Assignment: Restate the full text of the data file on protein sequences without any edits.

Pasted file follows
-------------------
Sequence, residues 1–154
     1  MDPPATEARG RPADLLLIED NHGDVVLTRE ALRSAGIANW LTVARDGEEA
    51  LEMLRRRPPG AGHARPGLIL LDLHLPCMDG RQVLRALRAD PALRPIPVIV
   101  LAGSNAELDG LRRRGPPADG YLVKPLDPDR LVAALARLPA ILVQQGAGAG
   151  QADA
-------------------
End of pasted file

Sequence, residues 1–154
     1  MDPPATEARG RPADLLLIED NHGDVVLTRE ALRSAGIANW LTVARDGEEA
    51  LEMLRRRPPG AGHARPGLIL LDLHLPCMDG RQVLRALRAD PALRPIPVIV
   101  LAGSNAELDG LRRRGPPADG YLVKPLDPDR LVAALARLPA ILVQQGAGAG
   151  QADA